About Jillian

This photo of a merino sheep by Rod Outback is exactly what my childhood looked like, really.

Name: Jillian Burt
E-mail me: what...@yahoo.com

Paying job: Journalist. I have a haute-nerd and egghead portfolio, writing mostly on technology, architecture, engineering, business, and robotics. I've always mixed traditional newspaper and radio journalism with wonderfully strange sideline projects for independent magazines and publishers. In the last few years of the last century I concentrated on a few book-length projects that were translated into foreign languages. In Portuguese and Spanish my writing is as goofy-dreamy as Gabriel Garcia Marquez's. I'm sure my book in Japanese is on the same shelf as Haruki Murakami's.
Dream job: Curating conversations. Creating dinner parties to hear people talking about what's interesting to them and what's on their mind: that then become podcasts and books of transcripts. My favorite books are the transcripts of the conversations between novelist Michael Ondaatje and film-editor Walter Murch, the late student of mythology Joseph Campbell and journalist Bill Moyers, writer Edward Said and musician and conductor Daniel Barenboim, the Dalai Lama and French novelist and screenwriter Jean Claude Carriere. And the Indian writer Pankaj Mishra's dialogue with himself and the history of Buddhism, "An End to Suffering: The Buddha in the World."
Best meal ever: Every meal at Ames Street in Los Angeles, in the glorious chaos of everyday life with kids and dogs and laughter and music and a great deal of arguing about books. With friends and neighbors dropping in and bringing wine and dessert, so we'd have to get inventive to stretch the produce we'd bought at the Hollywood Farmers Market to feed the extra people who'd just arrived.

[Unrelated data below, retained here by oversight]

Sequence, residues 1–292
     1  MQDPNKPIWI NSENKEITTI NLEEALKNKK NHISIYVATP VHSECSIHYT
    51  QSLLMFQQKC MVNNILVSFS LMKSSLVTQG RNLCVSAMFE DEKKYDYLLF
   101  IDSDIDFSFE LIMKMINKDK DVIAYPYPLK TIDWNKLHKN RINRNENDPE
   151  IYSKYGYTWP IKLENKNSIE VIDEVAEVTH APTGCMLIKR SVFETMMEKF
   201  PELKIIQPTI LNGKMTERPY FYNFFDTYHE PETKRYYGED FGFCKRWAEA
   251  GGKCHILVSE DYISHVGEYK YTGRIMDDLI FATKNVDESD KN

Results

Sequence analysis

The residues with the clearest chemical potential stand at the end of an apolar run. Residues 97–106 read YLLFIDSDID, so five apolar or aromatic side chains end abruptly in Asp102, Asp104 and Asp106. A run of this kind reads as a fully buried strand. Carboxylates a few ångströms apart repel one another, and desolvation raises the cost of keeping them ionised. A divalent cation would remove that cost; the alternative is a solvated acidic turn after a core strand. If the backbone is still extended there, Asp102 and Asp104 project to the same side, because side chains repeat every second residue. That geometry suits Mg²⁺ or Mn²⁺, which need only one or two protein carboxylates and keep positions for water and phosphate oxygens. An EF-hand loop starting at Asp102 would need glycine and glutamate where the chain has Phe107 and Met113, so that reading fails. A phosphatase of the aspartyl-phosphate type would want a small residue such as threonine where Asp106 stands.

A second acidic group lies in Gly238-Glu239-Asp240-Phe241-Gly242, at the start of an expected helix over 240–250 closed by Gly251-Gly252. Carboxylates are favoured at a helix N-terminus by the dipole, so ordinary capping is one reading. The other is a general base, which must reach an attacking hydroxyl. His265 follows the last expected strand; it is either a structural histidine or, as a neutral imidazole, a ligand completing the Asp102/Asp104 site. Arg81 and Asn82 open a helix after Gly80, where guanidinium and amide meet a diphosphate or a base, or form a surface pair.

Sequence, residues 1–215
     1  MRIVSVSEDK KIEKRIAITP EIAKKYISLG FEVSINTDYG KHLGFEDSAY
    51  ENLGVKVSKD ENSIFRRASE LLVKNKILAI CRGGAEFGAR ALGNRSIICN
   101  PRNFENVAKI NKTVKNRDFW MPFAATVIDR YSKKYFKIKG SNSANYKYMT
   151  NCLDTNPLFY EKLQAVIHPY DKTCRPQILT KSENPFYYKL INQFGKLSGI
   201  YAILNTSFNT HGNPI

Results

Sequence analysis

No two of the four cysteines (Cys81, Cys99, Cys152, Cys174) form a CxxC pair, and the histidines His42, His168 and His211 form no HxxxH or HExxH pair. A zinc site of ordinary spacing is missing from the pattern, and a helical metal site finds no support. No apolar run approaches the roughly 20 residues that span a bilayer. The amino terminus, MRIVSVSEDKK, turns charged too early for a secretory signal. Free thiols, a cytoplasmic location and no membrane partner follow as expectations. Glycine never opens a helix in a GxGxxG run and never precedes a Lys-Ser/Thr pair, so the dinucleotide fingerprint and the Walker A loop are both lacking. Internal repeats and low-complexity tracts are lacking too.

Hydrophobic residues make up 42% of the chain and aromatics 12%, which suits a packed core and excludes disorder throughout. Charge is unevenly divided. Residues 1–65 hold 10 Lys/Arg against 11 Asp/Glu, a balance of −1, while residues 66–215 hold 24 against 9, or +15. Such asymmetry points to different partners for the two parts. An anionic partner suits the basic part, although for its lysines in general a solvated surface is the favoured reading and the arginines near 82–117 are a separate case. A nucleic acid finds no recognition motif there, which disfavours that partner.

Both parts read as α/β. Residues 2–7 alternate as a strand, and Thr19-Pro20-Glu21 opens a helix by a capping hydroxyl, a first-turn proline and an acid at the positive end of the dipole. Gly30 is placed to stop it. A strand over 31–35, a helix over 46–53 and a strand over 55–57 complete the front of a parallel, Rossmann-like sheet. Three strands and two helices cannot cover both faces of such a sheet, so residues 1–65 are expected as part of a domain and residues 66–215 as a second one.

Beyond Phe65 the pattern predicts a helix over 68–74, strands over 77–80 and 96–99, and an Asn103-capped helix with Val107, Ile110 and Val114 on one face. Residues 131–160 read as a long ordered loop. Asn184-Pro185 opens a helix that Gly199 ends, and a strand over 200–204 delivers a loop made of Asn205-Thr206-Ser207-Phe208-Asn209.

Favorite meat:
I'm a nearly vegetarian and have pangs of guilt about eating the little meat I still do eat.
Favorite fruit: Mangoes, in India.
Favorite vegetable: Every variety of seaweed.
Vegetables I eat only to be polite: Anything in aspic.
Favorite dinner growing up: My childhood in a rural Australian setting was drawn from the dreary culinary experience of 19th-century English food. I'd read children's books where the heroes were eating watercress sandwiches and it seemed like the most exotic food imaginable. As an adult the reality of watercress sandwiches disappointed me.
Processed crap I can’t manage to live without: Wasabi-flavored Nori sheets.
Most embarrassing cooking incident: Dislocating my shoulder while kneading dough for homemade dog biscuits from a recipe in Nancy Silverton's baking book.
Most traumatic food experience: Watching Chen Kenichi clubbing fish to death on an episode of "Iron Chef."

Food background: I spent my early childhood on a sheep farm in South Australia mostly trying to pretend I wasn't there and figuring out how to escape to go and live in New York. (I eventually made it.) Thinking deeply about food and agriculture and the social ritual of dining wasn't something I did until I moved to Los Angeles in the '90s and spent 11 years there. I was deeply influenced and inspired by the landscape designer Sarah Munster's concept of stewardship of the land.

When I returned to Australia five years ago the country was just in the beginning stages of this crippling drought. The stories of farmer suicides and the difficulties the rural people were facing touched me deeply. The stories I began reading about genetically modified food began to alarm me. And when the trees and gardens started dying in the cities I began trying to connect everything in my mind: the country and the city, the food produced and the food we consume, and what the organic principles and ethical dimensions of food I'd become interested in while living in California might mean in an Australian setting. I want to write that big picture into existence. I've been fortunate enough to see a side of commercial cooking that isn't usually made public, in catering firms and five-star hotels, and been given a valuable education how owners and chefs make decisions about the produce that they buy.